Compiled By L.A.M.C.Amarasekara
Forestry and environment socitey, University of Sri Jayewardenepura
Horton Plains National Park
The Horton Plains National Park is the only national park situated in the wet zone of the country and falls within the Nuwara Eliya district. Situated 2300m above sea level this national park has different climatic conditions and habitat to all the other national parks. Almost all life forms in Horton Plains are adapted to the high altitude conditions. There are a lot of endemic flora and fauna found in the plains itself. The endemicity among fauna is comparatively high. Bear Monkey (race of the Purple Face leaf Monkey), Sambhur and Leopard are some interesting mammals. One would also find several endemic hill country birds in the Horton plains national park. The panoramic scenic beauty of the hill country could be witnessed within the park. The famous “World’s End” and “Bakers Falls” are major attractions. The Kirigalpotta, second highest peak and the Thotapola, third highest peak of the country are also situated in the Horton plains.
Yala National Park
The Ruhunu (Yala) National Park is one of the largest national parks in the Country with 103,882.9 hectares. It is situated 300 K.m. south of Colombo on the southeast shore of Sri Lanka. This National Park has several habitat types such as forests, scrub lands, grass lands, lagoons, beaches and other wetlands. This is the most visited national park of the country and its main attractions are Elephants, Leopards, Sloth Bears, Crocodiles, migratory and resident birds. Most appealing is the overall ‘feel’ of undisturbed jungle. Big rock formations, Tanks, Beaches and the Lagoons amplify the scenic beauty. A safari jeep ride will take you to close encounters with the wild beasts and to the beauty of the park and make it an unforgettable experience of your life.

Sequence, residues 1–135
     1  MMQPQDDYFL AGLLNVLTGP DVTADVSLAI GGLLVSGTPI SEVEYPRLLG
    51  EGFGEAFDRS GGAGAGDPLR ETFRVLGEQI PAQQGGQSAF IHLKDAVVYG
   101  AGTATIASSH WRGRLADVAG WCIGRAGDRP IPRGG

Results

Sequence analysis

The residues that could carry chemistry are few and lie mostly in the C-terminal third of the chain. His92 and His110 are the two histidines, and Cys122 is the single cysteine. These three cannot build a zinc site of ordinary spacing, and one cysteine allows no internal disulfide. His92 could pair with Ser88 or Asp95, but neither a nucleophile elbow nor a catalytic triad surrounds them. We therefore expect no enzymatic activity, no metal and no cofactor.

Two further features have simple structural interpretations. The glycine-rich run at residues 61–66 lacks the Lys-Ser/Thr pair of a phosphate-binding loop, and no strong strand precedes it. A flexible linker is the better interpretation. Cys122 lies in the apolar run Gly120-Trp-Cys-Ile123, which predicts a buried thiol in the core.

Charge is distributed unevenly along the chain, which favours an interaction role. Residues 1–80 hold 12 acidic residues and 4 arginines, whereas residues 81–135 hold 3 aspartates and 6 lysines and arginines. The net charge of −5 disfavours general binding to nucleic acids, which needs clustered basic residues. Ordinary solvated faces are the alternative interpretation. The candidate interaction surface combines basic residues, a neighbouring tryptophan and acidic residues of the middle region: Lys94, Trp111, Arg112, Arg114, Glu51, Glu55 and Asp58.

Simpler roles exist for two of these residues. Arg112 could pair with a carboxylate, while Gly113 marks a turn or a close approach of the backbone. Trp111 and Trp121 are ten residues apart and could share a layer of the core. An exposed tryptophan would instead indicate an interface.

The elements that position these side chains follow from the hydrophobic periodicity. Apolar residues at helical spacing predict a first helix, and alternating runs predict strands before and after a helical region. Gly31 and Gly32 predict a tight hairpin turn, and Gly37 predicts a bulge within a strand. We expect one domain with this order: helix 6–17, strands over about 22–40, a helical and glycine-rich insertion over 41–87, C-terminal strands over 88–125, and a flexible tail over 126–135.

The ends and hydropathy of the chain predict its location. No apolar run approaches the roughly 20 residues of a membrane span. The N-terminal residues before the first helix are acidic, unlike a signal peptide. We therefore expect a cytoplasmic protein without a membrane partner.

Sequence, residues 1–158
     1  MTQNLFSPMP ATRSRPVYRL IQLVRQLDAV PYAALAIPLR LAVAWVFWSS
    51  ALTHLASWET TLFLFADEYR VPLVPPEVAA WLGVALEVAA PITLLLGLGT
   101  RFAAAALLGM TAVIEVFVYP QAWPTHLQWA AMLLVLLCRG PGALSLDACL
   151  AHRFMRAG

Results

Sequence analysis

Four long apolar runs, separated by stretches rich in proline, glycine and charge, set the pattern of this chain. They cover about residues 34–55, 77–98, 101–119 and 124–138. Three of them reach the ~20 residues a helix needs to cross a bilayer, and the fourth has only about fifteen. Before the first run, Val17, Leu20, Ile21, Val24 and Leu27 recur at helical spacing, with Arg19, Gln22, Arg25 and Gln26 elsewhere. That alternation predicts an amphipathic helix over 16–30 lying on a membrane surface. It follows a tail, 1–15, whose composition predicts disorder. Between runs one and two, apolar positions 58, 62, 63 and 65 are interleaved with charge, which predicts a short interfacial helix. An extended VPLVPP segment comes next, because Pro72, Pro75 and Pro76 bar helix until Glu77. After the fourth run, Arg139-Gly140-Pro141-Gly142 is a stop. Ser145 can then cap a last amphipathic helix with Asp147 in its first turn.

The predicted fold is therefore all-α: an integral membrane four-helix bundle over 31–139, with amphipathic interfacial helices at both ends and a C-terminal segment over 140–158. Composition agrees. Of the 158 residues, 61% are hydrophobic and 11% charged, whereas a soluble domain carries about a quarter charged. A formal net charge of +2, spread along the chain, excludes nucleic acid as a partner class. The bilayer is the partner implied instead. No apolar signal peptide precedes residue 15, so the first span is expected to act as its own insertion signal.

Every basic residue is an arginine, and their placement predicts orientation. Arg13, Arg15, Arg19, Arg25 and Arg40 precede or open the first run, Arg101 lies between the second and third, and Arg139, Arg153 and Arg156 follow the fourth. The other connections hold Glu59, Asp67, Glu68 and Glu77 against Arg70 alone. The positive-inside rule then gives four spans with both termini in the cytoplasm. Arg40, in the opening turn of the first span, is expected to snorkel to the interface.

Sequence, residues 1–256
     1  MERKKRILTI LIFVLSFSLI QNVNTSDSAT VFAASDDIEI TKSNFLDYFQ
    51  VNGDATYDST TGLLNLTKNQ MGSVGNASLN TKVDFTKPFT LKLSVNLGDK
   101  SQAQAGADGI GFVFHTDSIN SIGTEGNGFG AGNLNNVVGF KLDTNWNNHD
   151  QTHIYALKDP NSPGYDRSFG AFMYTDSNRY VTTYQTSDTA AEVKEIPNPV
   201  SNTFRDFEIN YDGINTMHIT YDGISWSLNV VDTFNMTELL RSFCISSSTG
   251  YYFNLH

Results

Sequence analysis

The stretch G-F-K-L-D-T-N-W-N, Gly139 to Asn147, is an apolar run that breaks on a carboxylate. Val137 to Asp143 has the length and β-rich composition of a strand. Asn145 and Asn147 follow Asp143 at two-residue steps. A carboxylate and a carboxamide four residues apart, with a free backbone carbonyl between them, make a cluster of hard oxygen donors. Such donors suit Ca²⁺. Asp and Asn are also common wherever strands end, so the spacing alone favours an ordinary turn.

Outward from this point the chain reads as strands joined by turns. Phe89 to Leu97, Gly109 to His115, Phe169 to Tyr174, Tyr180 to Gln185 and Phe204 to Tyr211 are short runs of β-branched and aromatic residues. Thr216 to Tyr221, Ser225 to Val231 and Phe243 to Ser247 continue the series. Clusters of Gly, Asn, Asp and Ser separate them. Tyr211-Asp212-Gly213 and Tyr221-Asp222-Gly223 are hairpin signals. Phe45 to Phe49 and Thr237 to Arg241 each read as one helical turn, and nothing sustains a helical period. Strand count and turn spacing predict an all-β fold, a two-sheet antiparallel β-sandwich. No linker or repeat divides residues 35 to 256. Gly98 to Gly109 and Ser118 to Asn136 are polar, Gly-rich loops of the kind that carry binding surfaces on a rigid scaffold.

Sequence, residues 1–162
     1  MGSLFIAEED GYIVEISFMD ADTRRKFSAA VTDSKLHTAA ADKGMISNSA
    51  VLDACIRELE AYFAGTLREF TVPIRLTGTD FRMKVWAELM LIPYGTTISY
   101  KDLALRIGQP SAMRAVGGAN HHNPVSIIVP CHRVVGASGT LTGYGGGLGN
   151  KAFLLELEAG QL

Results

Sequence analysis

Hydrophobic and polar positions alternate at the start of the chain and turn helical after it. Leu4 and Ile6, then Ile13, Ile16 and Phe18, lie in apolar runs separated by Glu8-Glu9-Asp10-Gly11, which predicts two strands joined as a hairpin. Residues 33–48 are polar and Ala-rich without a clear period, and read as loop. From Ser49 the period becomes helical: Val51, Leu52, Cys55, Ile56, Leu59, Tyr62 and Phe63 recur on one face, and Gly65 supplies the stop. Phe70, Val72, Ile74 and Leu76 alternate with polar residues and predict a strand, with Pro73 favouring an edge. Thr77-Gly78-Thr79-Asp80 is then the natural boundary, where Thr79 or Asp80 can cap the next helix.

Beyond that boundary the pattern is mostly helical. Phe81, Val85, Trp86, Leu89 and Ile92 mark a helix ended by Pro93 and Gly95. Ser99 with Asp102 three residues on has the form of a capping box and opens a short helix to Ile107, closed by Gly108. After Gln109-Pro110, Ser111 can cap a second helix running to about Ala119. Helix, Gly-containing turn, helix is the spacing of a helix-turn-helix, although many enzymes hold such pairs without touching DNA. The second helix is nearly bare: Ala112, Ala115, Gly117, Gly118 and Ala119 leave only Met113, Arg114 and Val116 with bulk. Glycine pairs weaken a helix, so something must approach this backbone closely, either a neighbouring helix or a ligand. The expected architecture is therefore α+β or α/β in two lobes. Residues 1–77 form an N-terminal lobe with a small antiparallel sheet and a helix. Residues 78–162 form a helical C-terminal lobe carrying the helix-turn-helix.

Kithulgala Forest Reserve
The Kithulgala forest is a secondary rain forest situated beside the Kelani River, one of our longest rivers. There is a tributary flowing through the forest to this river. The forest reserve has a high biodiversity. Though it is mostly secondary forest, it’s faunal and floral diversity is very similar to a primary forest. Wild boar, Toque Macaque, Purple faced leaf monkey, and Barking deer are some of the interesting mammal species.Among the interesting bird species Red faced Malkoha, Ceylon Blue Magpie, Oriental Dwarf Kingfisher, Frog Mouth and Layard’s Parakeet are outstanding.
Udawalawe National Park
Udawalawe National Park is situated in both intermediate zone and the dry zone. Udawalawe park is adjacent to the Udawalawe reservoir and Walawe river. The extent of the Udawalawe park is approximately 30821 hectares and is situated 170km south east of Colombo. This park lies between Rathnapura and Moneragala districts. Though rain forests, scrub lands, and teak plantations are the habitat types of this park, grasslands with tall grass and occasional trees and bushes decorates the land for the living herds of wild Elephants. Udawalawe, is probably one of the best places to see wild elephants in Sri Lanka!
Bundala National Park
Bundala National Park is the only ‘RAMSAR’ site in Sri Lanka, which lies in south arid zone of the country. This national park consists of many large and small water bodies such as lagoons, tanks (reservoirs) and salt pans. Apart from the wetlands, the park consists of dry thorny scrub forest short in height. This type of forest is unique to the dry and arid parts of the country. The water bodies create a good feeding ground for the wetland birds, Migratory birds & Flocks of humming birds which attracts many visitors. Migratory birds can be found in very large numbers during the migratory period. A large flock of Flamingos loitering is also a big attraction.